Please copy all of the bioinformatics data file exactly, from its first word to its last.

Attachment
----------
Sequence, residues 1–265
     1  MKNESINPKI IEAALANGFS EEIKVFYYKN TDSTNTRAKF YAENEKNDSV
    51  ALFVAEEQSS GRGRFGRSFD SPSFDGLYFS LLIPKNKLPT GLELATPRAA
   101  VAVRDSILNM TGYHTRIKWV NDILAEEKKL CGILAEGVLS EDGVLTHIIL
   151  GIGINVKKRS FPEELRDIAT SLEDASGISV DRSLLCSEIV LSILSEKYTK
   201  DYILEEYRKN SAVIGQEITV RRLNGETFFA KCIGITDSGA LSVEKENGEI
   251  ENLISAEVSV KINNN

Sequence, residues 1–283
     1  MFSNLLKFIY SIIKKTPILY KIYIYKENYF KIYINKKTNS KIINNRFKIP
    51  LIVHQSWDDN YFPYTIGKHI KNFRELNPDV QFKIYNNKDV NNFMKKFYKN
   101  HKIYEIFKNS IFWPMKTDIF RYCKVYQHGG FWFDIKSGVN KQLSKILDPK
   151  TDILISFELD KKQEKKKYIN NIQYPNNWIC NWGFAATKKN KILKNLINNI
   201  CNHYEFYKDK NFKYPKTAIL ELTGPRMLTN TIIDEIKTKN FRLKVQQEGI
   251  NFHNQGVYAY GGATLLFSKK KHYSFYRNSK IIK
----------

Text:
Sequence, residues 1–265
     1  MKNESINPKI IEAALANGFS EEIKVFYYKN TDSTNTRAKF YAENEKNDSV
    51  ALFVAEEQSS GRGRFGRSFD SPSFDGLYFS LLIPKNKLPT GLELATPRAA
   101  VAVRDSILNM TGYHTRIKWV NDILAEEKKL CGILAEGVLS EDGVLTHIIL
   151  GIGINVKKRS FPEELRDIAT SLEDASGISV DRSLLCSEIV LSILSEKYTK
   201  DYILEEYRKN SAVIGQEITV RRLNGETFFA KCIGITDSGA LSVEKENGEI
   251  ENLISAEVSV KINNN

Sequence, residues 1–283
     1  MFSNLLKFIY SIIKKTPILY KIYIYKENYF KIYINKKTNS KIINNRFKIP
    51  LIVHQSWDDN YFPYTIGKHI KNFRELNPDV QFKIYNNKDV NNFMKKFYKN
   101  HKIYEIFKNS IFWPMKTDIF RYCKVYQHGG FWFDIKSGVN KQLSKILDPK
   151  TDILISFELD KKQEKKKYIN NIQYPNNWIC NWGFAATKKN KILKNLINNI
   201  CNHYEFYKDK NFKYPKTAIL ELTGPRMLTN TIIDEIKTKN FRLKVQQEGI
   251  NFHNQGVYAY GGATLLFSKK KHYSFYRNSK IIK